Sandy has been upgraded again to a hurricane just hours after being downgraded to a tropical storm, according to The National Oceanic and Atmospheric Association (NOAA),
In its 8 a.m. bulletin, the NOAA reported an Air Force aircraft found hurricane-strength winds again of 75 mph, just enough to push Sandy over the 74 mph threshold between tropical storm and hurricane.
The latest track shows that Sandy will make landfall in southern New Jersey, but New England will certainly feel its effects.
"Storm track not likely to matter at this point," according to a Tweet from CBS Boston. "Sandy takes aim at New England."
Jeremy Reiner writes on the WHDH weather blog that he expects this area to feel the earliest effects of Sandy on Monday morning with some rain and wind. The worst of Sandy's impact, however, Reiner expects to occur "in the window of 11 a.m. Monday to 2 a.m. Tuesday.
"Within this period is our greatest risk of wind damage/power loss. Many towns will experience wind gusts over 40mph during this time and coastal cities and towns may see wind gusts between 50-60mph. the concern isn't so much the speed itself but the duration as several hours of 40mph wind gusts may be able to bring down trees & power lines."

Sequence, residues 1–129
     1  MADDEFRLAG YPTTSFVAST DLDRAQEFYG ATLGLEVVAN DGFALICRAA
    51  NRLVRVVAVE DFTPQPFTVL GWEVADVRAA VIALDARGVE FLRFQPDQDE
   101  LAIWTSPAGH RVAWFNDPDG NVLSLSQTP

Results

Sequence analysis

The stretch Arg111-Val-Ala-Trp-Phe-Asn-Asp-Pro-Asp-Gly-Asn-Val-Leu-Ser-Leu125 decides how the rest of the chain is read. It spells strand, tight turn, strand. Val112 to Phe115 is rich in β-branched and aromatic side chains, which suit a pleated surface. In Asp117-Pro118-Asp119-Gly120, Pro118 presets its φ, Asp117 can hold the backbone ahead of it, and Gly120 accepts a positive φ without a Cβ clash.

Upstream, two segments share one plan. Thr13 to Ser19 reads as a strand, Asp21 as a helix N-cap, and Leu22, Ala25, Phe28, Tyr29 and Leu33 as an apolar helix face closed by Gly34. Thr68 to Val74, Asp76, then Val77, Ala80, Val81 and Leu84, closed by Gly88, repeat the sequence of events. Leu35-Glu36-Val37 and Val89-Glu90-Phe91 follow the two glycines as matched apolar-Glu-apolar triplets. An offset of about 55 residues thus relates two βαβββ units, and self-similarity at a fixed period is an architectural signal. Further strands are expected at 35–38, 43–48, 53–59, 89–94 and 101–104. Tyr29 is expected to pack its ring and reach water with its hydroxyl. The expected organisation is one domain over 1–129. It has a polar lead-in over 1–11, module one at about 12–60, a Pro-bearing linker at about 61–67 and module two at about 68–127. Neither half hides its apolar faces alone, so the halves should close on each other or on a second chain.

Reiner goes on to say that he believes "rainfall looks manageable," with most towns expected to receive from 1-3 inches.
In its 5 a.m. bulletin, the NOAA issued warnings and watches to the Southeastern parts of the country, including Florida, but said those up the Eastern seaboard need to prepare for its impact. The storm is moving North-Northeast at 10 mph and an increase in intensity and speed possible tonight and Sunday, according to the NOAA.
Sandy is currently considered to be "very large," with winds extending as far as 450 miles from its center.
The storm killed more than 40 people as it moved through the Caribbean.